Nicotinic acetylcholine receptors (nAChRs) are widely expressed in the nervous system and have been implicated in a variety of behaviors and neuropathologies;In most cases the receptors reach their highest levels during late embryogenesis and early postnatal life. Almost nothing is known, however, about the developmental roles of neuronal nAChRs, other than that they are cation-selective and can regulate calcium- dependent events. We have preliminary evidence that during development nAChRs utilize signal transduction to regulate synaptic capabilities, including that of adjacent non-cholinergic pathways, in both the CNS and autonomic nervous systems. This proposal will test specific hypotheses about the roles of nicotinic input in shaping the development of nicotinic and GABAergic signaling, and will examine candidate molecules that may facilitate or transduce nicotinic effects.
In Aim I the chick ciliary ganglion is used to test hypotheses about the significance of newly discovered GABAergic pathways in this cholinergic ganglion, the role of nicotinic input in controlling GABAergic maturation from excitatory to inhibitory mode, and the consequences this has for ganglionic throughput.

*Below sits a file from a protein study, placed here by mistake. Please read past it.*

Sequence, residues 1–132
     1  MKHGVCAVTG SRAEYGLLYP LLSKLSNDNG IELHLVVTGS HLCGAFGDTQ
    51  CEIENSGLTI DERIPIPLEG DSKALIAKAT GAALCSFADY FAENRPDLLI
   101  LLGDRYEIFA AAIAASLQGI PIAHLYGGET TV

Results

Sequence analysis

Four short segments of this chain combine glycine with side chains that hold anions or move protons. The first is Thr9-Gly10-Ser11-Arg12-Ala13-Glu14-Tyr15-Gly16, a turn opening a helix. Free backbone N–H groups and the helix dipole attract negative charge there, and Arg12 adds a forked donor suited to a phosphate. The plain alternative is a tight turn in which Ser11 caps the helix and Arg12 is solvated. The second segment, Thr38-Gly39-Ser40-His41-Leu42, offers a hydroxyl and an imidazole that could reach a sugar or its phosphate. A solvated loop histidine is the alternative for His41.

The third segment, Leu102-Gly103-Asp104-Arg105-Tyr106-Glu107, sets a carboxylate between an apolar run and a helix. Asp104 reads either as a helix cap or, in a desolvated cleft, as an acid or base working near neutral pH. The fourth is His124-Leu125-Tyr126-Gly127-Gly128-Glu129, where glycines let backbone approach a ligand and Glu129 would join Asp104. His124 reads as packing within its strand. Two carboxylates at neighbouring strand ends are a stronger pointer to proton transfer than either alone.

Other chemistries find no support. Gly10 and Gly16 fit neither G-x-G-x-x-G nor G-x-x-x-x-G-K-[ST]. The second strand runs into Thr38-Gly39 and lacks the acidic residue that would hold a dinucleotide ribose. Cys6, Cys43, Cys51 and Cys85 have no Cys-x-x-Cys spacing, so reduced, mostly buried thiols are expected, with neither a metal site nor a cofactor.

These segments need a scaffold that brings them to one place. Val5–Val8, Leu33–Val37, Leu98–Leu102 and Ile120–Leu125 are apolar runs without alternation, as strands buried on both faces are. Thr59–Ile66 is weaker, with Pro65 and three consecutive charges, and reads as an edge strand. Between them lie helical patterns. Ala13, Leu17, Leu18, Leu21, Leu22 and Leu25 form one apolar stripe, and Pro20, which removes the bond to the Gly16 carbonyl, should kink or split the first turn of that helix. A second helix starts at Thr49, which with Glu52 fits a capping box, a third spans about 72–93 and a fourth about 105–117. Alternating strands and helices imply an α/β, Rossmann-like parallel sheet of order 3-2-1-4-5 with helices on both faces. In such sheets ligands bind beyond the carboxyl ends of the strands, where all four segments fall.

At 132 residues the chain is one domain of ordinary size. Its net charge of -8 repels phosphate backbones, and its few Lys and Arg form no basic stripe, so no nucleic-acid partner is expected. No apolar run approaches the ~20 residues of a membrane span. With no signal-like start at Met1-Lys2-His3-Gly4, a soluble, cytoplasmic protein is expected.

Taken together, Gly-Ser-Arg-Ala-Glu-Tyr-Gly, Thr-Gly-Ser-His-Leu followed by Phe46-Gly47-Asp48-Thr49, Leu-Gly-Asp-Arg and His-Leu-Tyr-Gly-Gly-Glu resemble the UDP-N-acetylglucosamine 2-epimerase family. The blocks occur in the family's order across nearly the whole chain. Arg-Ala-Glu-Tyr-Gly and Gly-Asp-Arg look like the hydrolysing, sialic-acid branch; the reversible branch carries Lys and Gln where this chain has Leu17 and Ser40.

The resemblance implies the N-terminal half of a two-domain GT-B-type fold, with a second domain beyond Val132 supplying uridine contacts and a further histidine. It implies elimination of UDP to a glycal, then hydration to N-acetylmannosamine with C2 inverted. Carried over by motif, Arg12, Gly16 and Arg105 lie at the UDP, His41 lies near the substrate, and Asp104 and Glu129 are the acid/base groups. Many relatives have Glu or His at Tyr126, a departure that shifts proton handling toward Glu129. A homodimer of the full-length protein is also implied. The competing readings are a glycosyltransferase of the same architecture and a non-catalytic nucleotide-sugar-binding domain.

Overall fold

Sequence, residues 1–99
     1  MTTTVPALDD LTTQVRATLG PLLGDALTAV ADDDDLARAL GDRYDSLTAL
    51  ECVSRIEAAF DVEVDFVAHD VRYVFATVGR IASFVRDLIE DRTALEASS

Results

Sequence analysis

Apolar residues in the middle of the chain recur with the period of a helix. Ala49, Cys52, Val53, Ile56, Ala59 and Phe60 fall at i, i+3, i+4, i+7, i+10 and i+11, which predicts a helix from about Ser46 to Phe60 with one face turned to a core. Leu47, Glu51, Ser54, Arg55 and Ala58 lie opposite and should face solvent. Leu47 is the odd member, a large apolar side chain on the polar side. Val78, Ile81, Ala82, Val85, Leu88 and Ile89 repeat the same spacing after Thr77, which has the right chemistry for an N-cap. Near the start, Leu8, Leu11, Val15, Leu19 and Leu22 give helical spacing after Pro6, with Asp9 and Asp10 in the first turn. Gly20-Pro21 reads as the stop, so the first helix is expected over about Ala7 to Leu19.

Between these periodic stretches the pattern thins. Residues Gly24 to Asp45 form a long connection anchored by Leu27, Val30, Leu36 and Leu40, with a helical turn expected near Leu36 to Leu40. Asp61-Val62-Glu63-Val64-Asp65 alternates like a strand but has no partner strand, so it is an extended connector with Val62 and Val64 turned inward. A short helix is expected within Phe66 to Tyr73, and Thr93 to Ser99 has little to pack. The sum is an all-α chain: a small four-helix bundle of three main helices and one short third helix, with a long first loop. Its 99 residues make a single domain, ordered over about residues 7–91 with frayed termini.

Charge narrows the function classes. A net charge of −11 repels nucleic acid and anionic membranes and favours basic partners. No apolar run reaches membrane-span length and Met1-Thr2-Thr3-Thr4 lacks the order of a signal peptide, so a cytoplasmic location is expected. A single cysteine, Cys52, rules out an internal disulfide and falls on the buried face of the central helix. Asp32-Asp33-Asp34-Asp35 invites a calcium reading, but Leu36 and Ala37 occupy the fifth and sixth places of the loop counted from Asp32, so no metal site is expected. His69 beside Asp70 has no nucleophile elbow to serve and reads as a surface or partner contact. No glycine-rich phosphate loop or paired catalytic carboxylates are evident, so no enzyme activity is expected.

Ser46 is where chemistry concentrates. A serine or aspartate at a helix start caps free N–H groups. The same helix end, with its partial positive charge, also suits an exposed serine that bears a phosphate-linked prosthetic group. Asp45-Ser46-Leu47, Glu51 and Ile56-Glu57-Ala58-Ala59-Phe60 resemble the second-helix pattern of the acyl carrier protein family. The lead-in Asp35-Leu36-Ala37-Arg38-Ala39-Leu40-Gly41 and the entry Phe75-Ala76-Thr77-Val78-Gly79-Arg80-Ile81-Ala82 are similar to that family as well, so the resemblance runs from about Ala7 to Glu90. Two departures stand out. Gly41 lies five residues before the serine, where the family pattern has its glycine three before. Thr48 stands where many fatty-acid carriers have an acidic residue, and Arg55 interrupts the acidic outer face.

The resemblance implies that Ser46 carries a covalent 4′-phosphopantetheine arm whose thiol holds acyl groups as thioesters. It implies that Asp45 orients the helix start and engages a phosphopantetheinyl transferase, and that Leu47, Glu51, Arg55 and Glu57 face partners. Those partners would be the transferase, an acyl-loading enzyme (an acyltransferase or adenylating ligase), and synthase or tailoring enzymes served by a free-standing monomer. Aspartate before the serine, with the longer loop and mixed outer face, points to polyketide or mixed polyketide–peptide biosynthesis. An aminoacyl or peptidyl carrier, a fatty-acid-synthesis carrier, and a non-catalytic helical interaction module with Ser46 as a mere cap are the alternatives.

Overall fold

In Aims II and III, the mammalian hippocampus is used to test hypotheses about the role of nicotinic signaling in regulating filopodia fate, induction of dendritic spines, maturation of GABAergic signaling from excitatory to inhibitory, and acute modulation of GABA responses. Long-lasting nicotine sensitization is also examined.
In Aims I V and V three candidate proteins that appear to specifically interact with neuronal nAChRs are examined for their roles in determining the number, location, function, and downstream signaling capabilities of the receptors. Each of these aims is based on preliminary data supporting the central hypotheses being tested. The experimental approaches include electrophysiology, imaging, molecular biology, and biochemistry, and are carried out on neurons in cell culture and slice preparations from wildtype and mutant sources. Together these approaches and systems should provide mechanistic insight into novel roles of nicotinic signaling in the developing nervous system. The findings should also have biomedical relevance in revealing the consequences of nicotine exposure during these formative periods.
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